As a movie that is built entirely on the premise of a man stuck in an airport terminal, this is the equivalent of what Trekkies commonly refer to as a “bottle episode”, a story that takes place entirely aboard the Enterprise: on the surface, it appears to be one of Spielberg’s least ambitious projects, but it deals with its own challenge of trying to stay interesting for two hours whilst trapped in a very finite number of sets.

Not much can be said for The Terminal in terms of plot, but its situational character relationships and more comedic scenes keep it alive. Navorski, who goes to America for reasons I will not reveal here but is denied entry on the basis of his country ceasing to exist en route, is an inspiring presence played by an inspiring thespian. Tom Hanks has a convincing stumble and a foreign grasp of English, only falling short of completely becoming the character because we have already seen his face in ten or more other films and heard him sing “You’ve Got a Friend In Me”; he delivers hilarious physical comedy with a charm that eludes the Jim Carreys and Ben Stillers of the industry.

Speaking of Jim Carrey, The Terminal in many ways reminds me of the former Ace Ventura’s own career best, The Truman Show. The connections are more than superficial; both are about a man confined in a world monitored by the cameras of a god from above. Here, Stanley Tucci takes the Ed Harris role, as a supervising immigration officer engaged in a battle of wills with Viktor Navorski. The conflict between the two is, sadly, one of the less engaging subplots of the movie, and it has a lot to do with how Tucci’s character is written. As far as villains go, unlike Tom Hanks’ FBI agent in Catch Me If You Can, he never grows beyond being a frustrated control freak, and this lack of dimension hurts an otherwise delightful movie.

The Terminal is largely a one-man show, but it also delves into how Navorski brings something out in the people around him, and how everyone’s life is really a journey to escape a cycle of perpetual waiting. There is an engaging supporting cast that includes the likes of a fugitive janitor who watches people slip on wet floors for entertainment (Kumar Pallana), and a lovelorn cook (Diego Luna) who offers Navorski food in exchange for proxy advances on a Trekkie customs officer (Zoe Saldana). Less interesting is the flight attendant that captures Navorski’s attention, played by Catherine Zeta-Jones, but the romantic subplot does round out a few thematic corners and make for a terrific candlelight dinner scene.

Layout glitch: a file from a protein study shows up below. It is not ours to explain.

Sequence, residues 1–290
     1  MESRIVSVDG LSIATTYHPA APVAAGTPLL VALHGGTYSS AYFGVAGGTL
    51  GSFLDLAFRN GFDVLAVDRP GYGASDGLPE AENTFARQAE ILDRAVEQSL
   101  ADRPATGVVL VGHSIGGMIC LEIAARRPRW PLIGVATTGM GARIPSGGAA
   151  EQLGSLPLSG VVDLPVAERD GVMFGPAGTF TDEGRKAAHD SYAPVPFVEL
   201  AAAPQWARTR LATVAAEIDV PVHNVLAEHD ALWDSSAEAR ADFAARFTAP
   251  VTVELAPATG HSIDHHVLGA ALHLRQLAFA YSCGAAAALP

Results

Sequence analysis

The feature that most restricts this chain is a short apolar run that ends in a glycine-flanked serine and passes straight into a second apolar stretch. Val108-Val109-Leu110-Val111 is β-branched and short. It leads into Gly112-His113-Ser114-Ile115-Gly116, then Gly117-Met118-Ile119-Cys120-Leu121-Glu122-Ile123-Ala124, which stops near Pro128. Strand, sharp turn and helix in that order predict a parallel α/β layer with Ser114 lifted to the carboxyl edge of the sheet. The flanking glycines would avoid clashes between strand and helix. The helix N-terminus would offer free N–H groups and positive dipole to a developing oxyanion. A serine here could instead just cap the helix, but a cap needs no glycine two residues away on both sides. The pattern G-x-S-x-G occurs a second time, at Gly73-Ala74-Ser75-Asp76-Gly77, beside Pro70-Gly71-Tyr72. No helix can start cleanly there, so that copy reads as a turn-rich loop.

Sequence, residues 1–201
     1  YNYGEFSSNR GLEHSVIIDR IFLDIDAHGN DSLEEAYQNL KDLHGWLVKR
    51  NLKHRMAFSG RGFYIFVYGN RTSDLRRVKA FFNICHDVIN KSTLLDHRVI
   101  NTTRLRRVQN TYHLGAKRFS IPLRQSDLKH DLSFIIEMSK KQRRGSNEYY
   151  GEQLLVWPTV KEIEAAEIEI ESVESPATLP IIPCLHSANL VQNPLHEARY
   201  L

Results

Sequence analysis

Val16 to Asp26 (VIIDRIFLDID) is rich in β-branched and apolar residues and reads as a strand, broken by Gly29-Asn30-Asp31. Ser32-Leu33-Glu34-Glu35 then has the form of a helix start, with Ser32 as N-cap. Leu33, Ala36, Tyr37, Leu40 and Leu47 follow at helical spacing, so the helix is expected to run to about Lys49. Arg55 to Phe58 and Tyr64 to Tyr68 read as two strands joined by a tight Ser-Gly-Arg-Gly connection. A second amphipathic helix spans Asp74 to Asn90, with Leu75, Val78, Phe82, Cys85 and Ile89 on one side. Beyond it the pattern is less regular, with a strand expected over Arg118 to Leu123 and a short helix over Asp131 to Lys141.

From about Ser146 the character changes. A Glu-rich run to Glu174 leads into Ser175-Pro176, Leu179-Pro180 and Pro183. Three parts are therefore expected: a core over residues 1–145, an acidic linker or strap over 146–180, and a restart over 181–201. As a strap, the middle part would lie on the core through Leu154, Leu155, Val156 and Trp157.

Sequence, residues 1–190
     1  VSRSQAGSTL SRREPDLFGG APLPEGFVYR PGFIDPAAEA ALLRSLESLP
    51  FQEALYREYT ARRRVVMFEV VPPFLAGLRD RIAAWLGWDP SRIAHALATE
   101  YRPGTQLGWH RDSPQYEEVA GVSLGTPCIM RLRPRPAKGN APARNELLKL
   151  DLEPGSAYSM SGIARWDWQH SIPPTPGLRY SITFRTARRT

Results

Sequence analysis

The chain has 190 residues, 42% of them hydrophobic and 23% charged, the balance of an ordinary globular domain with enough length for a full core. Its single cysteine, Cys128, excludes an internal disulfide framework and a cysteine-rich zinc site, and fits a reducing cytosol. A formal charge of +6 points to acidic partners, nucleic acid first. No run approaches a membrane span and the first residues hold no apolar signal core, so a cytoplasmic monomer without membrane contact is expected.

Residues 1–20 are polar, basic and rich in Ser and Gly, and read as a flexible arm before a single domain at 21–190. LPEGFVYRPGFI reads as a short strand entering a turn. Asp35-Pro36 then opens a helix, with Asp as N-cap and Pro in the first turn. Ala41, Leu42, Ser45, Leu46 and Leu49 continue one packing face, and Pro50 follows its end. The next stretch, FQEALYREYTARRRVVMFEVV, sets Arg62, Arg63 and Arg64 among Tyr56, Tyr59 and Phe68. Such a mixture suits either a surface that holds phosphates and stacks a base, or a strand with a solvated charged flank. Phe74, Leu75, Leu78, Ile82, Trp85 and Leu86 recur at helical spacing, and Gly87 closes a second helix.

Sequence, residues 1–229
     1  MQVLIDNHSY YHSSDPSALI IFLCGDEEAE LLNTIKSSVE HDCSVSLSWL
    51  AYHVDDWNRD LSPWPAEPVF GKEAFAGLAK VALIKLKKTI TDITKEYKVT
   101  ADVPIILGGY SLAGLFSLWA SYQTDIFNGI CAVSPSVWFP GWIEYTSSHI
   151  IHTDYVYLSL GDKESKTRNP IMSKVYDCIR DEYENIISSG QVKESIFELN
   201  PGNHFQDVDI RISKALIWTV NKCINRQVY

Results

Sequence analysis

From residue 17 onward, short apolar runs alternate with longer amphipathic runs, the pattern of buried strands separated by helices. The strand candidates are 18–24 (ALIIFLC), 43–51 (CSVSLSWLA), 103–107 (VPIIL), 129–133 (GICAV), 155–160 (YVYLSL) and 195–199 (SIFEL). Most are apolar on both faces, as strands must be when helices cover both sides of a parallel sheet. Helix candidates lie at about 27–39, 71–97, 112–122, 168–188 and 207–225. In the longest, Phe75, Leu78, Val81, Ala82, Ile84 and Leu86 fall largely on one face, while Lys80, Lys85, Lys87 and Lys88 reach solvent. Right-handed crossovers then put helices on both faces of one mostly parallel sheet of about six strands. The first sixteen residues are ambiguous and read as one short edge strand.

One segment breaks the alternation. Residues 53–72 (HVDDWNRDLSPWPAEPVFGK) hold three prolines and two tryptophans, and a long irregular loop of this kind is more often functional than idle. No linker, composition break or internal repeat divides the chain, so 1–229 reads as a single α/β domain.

John Williams, by the way, is on fire this year. Following the act of finally giving the Harry Potter series a breath of musical freshness in The Prisoner of Azkaban, here he delivers arguably the best of his lighthearted and contemporary scores, other than, well, Catch Me If You Can. It supports the movie with a whimsical, lively sort of bounce. You can shortlist this one for the Original Score award right now.

For the most part, Spielberg’s latest offering never pretends to be anything more than a diversionary comedy, and an uproariously funny one at that, but it comes bundled with some very real ideas about goals, destinations, and lives that never seem to get there. See it for a lovable Chaplinesque performance from Tom Hanks that transforms what should be a dreary backdrop into a fantasy playground in its own right.

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Uh-uh-uh, you didn’t encrypt the magic word!

Monday, 5 July 2004 — 3:44pm

Apologies for the lag time between my last post and its actual time of publication on the site; it was not until late in the day that, upon receiving a notice that the University’s Computing and Network Services is slapping an SSL wrapper on e-mail access, I put two and two together and discovered that CNS has also decided to pull the plug on FTP access to its servers. It is all part of an effort to phase out the use of plaintext passwords, which means I can say goodbye to the ever-so-friendly drag-and-drop interface of the Windows-integrated Internet Explorer, and a belated hello to a bundle of drive-mapping tricks thanks to AFS. This also means I no longer have any use for IE6 other than testing website designs for compatibility, as I already make predominant use of the far superior Mozilla Firefox as my primary web browser. As for this here weblog, worry not; after reconfiguring Blogger to use Secure FTP, I am now back in business.